Two hundred years ago, the paramount chief of the Fijian village of Levuka decided to welcome European traders and missionaries to the island of Ovalau and so opened the way to the creation of the modern state of Fiji.
Since then, the Tui Levuka, the paramount chief of that village, has also held the title of Tamana na vavalagi or Father of the Europeans.
Now the great-great-great-grandson of that chief, Ratu Jope Rokotuinaceva, is formally welcoming me to his land, the latest in a long line of European visitors to receive that honour.
I wanted to meet the Father of the Europeans to collect material for the story I was doing on the European town of Levuka, which grew up alongside the village as a result of that long-ago hospitality and eventually became the first capital of a united Fiji.
But it was also appropriate, under Fijian custom, for a visitor to seek the approval of the chief for entering his territory.
It turned out that the present Tui Levuka is a government administrator in Rakiraki, in the north of the big island of Viti Levu, but he asked his brother, Ratu Jope, to meet me on his behalf.
To prepare for the meeting, we first had to find some kava to present to the chief. Thomas Valentine, my guide in Fiji, scoured the row of shops in the town built by the early traders and, after rejecting some as insufficiently impressive, bought a big bundle for F$30.
Next I had to find a sulu to wrap round my waist. A maroon one carrying a map of Ovalau Island seemed just right.
Suitably prepared, we turned up at the traditional village, which still sits at the head of the trader town, only to be waved over the road to the home of the chief who acts as a herald, or gatekeeper, for the Tui.
The herald turned out to be a big, grizzled man of great dignity, who signalled us inside his home with a brief jerk of the head, then sat us on the matting floor while we stated our business.
A further nod indicated that we should follow him back over the road, past the oldest Methodist Church in the country from which hymns were lilting, up the banks of a stream where youngsters were playing on small plastic boats, past the official residence of the Tui to a slightly smaller house.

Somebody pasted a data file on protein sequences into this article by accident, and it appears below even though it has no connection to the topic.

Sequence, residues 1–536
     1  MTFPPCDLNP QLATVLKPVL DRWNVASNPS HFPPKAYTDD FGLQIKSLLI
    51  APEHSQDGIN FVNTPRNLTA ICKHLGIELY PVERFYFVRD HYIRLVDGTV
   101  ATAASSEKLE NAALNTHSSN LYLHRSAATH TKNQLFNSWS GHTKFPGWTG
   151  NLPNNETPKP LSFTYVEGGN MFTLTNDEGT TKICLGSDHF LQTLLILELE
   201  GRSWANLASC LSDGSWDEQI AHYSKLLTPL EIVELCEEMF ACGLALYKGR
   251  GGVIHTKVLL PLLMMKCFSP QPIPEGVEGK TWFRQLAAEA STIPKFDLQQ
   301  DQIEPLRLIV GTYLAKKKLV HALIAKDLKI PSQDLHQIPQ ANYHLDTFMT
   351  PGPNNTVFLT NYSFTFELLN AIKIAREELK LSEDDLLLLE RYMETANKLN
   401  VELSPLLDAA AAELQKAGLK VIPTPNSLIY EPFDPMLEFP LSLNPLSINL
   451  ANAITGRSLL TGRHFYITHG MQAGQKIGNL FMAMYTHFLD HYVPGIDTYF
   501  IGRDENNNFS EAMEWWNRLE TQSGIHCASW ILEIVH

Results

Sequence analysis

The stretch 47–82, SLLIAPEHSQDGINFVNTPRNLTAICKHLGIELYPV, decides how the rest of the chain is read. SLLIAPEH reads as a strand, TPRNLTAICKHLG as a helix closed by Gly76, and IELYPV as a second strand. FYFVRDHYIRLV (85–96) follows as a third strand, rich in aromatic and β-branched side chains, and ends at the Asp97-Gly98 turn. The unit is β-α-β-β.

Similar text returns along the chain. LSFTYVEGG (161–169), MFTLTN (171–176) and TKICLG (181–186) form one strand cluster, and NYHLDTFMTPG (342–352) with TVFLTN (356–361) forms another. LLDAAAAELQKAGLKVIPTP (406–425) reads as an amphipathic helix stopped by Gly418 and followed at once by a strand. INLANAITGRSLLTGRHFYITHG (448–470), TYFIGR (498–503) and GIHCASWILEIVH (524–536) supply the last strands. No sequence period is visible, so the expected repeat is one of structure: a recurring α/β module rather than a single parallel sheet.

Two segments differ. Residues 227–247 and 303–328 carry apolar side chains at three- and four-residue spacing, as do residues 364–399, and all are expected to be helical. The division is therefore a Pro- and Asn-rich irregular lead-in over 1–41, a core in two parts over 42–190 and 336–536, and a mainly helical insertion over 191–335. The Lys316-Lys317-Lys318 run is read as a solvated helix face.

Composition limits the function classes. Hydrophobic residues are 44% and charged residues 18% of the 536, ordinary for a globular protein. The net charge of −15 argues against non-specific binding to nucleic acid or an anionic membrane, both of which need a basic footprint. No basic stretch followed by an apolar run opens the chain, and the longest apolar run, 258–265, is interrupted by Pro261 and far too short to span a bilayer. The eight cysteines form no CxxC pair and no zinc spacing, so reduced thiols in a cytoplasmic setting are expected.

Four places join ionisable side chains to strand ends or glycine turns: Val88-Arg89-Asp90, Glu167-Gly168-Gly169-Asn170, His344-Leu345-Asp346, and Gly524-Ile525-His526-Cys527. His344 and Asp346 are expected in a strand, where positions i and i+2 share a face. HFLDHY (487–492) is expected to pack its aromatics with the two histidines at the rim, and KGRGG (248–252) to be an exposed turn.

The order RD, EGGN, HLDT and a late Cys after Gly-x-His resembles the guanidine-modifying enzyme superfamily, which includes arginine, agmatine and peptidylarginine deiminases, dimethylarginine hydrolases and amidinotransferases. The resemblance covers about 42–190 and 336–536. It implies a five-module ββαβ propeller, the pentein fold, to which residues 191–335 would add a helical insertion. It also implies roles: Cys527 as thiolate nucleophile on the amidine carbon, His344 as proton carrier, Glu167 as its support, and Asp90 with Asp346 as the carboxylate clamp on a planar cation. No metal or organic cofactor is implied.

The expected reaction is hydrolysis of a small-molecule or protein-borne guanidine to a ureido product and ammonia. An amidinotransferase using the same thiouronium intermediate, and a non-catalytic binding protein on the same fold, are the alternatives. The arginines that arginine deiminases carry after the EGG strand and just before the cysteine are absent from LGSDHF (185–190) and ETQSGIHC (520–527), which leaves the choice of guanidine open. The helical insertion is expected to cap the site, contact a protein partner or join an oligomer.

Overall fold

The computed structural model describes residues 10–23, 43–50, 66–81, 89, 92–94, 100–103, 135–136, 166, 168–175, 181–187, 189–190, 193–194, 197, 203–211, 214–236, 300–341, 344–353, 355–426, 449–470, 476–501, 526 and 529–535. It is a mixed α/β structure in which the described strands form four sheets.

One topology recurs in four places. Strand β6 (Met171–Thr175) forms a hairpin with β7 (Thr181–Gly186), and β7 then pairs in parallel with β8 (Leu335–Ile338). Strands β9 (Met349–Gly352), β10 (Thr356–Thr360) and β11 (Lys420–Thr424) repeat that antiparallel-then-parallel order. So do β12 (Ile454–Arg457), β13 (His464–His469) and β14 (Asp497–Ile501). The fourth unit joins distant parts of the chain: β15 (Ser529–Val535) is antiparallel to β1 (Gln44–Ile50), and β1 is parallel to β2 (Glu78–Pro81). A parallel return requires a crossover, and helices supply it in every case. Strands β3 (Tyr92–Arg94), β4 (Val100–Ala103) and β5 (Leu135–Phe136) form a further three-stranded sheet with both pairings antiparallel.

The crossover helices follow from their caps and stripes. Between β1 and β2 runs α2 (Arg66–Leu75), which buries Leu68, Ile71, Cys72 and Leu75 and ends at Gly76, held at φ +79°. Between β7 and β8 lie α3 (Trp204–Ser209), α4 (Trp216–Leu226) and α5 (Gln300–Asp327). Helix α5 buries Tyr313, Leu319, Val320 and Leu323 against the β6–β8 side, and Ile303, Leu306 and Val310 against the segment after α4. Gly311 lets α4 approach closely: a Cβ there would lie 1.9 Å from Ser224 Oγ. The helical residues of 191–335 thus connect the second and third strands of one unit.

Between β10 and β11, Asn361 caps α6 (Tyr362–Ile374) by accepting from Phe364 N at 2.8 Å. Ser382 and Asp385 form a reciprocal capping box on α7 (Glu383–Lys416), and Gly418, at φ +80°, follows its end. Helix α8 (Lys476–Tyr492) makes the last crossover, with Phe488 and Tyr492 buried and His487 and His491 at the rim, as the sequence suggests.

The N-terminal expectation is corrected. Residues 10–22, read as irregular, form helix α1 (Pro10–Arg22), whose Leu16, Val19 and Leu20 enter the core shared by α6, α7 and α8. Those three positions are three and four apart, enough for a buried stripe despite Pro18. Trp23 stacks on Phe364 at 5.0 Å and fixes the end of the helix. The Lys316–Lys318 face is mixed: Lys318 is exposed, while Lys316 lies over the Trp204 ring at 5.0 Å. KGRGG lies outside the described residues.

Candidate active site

Ratu Jope, a well-fed man with red-rimmed eyes, was already seated on the floor of his meeting room and I was ushered inside, given whispered instructions to shake his hand and indicated a patch of matting on which to sit.
Then the herald explained the purpose of our meeting, my Fijian supporters chimed in, and the chief nodded and asked in English: "What do you want to know?"
What I wondered was if it was true that his ancestor had been the first chief to welcome the Europeans and, if so, why?
"The story is true," said Ratu Jope. "He welcomed them because kindness is in our blood. It was not only the Europeans he welcomed but everyone.
"The other Fijian chiefs did not want the missionaries because they wanted to practise witchcraft and to keep fighting each other.
"Only in Levalu were the missionaries welcomed and that is why that church" - he gestured outside to the old Methodist Church - "is here".
Not only were the traders welcomed, he added, but they were given land in nearby Vagadaci Village - to which I was later taken - "and even today their descendants, the Newtons and McGoons and Warbecks and Williams still live there".
Because of this spirit of kindness, Levuka was not involved in the tribal wars which wreaked havoc around Fiji in the early 19th century "and so Levuka was a place of peace where a great town grew up and became the birthplace of our nation".
The chief discussed all this very seriously but when we had finished he leaned back, smiled and asked the really big question: "How do you think the All Blacks will do in the World Cup?"